How Does CNC Machining Work?
CNC (Computer Numerical Controlled) Machining is a means to remove material using high speed, precision machines that use a wide variety of cutting tools to create the final design. Common CNC machines include vertical milling machines, horizontal milling machines, and lathes. Complex cylindrical shapes can be manufactured more cost effectively using a CNC lathe versus a 3 or 5-axis CNC milling machine. With a CNC lathe, the part stock turns while the cutting tools remain stationary. Conversely, on a CNC mill, the cutting tools move while the stock remains fixed. To create the geometry of a part, the CNC computer controls the rotational speed of the stock as well as the movement and feed rates of the stationary tools. If square features are needed on an otherwise round part, the round geometry is first created on the CNC lathe followed by the square features on a CNC mill. To successfully make a part on a CNC Machine, programs instruct the machine how it should move. The programmed instructions given to the CNC machine are encoded using CAM (computer aided manufacturing) software in conjunction with the CAD (computer aided design) model provided by the customer. The CAD model is loaded into the CAM software and tool paths are created based on the required geometry of the manufactured part. Once the tool paths are determined, the CAM software creates machine code that tells the machine how fast to move, how fast to turn the stock and/or tool, and where to move in a 5-axis X, Y, Z, A and B coordinate system.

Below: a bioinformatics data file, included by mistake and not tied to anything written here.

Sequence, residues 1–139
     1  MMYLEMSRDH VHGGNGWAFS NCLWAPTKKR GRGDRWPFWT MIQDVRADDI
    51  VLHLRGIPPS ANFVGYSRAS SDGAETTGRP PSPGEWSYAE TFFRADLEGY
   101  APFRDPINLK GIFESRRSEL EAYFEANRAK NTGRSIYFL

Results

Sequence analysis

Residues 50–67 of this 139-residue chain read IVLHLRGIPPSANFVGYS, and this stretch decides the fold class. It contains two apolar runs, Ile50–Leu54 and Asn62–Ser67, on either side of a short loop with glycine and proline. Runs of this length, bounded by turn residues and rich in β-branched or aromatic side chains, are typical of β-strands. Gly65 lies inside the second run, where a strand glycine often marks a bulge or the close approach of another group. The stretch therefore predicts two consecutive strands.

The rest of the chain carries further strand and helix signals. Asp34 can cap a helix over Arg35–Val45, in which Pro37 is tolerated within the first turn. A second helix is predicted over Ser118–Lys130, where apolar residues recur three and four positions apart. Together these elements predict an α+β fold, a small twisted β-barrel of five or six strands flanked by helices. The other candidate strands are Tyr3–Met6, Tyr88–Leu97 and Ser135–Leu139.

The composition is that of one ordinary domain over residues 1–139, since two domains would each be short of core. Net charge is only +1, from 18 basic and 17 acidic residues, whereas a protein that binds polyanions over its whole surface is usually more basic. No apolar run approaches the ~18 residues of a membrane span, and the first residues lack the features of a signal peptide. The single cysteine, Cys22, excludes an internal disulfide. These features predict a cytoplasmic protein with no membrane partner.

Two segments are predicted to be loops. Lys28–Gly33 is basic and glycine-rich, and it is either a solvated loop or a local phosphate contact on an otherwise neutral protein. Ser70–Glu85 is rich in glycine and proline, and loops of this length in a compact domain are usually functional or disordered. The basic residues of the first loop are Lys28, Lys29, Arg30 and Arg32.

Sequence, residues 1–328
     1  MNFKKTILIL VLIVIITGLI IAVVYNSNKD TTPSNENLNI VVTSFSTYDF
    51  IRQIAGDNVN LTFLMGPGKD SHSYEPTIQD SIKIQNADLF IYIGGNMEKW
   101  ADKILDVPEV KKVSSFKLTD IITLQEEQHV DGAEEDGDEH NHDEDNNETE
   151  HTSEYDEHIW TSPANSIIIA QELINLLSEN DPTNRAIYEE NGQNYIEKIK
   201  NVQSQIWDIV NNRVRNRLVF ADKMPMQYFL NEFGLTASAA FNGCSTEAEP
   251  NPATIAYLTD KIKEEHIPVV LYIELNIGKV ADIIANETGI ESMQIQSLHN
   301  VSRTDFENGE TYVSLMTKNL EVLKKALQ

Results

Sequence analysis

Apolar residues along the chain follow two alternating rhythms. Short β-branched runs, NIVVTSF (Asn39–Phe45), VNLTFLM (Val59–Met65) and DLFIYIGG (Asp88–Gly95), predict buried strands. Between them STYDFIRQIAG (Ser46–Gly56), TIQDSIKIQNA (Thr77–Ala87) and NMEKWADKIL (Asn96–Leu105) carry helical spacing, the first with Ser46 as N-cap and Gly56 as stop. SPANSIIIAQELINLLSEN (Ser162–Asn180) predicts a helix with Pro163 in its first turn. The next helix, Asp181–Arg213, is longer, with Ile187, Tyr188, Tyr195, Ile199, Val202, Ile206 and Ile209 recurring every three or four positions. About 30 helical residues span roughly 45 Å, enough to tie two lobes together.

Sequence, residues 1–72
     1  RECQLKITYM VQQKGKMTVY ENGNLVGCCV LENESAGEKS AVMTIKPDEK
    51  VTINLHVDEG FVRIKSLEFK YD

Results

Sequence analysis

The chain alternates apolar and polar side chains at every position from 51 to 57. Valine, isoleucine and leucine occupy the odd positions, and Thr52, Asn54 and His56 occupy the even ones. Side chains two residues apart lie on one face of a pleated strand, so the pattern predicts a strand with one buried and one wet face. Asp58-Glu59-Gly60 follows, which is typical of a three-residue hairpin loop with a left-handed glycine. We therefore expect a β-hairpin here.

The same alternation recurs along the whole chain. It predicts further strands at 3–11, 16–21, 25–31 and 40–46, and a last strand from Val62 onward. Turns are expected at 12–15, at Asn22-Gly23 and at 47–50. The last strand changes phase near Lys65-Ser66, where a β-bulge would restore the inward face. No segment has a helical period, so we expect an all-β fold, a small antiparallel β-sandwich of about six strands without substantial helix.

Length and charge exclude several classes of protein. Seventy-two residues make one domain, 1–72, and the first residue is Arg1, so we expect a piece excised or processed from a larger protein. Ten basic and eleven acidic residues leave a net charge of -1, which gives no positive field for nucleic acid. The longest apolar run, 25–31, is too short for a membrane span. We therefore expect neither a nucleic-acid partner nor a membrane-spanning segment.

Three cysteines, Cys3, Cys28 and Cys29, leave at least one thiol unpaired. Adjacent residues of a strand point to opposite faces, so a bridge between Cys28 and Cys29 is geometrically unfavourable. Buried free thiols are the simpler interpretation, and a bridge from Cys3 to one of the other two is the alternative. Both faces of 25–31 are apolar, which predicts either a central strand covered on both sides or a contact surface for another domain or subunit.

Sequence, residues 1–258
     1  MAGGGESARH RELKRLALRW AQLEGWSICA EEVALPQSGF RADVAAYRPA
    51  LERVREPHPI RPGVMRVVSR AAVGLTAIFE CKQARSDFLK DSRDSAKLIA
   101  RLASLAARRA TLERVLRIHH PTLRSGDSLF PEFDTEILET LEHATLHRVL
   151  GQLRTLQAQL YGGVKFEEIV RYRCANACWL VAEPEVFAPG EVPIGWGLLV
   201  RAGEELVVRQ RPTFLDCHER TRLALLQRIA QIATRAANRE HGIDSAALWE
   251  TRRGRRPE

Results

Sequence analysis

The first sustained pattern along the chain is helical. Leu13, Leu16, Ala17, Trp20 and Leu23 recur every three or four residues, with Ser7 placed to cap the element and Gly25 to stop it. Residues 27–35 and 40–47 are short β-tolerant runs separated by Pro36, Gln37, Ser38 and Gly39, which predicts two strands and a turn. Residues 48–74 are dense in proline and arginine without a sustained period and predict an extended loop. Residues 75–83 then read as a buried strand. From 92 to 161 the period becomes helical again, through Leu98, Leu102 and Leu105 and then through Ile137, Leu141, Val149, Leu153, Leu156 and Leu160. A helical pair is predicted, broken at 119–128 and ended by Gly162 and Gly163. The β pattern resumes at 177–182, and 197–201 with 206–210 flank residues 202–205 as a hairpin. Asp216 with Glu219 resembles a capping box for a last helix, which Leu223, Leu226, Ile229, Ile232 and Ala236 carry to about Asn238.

Why Work With Xometry For CNC Machining?
We combine the latest CNC machining and turning processes with proprietary technology to deliver high quality, on-demand parts. Our typical tolerance accuracy ranges from +/-0.001" to +/-0.005" for metal and +/- .002" to +/- .010" for plastic, depending on customer specs. Please see our Manufacturing Standards for more details.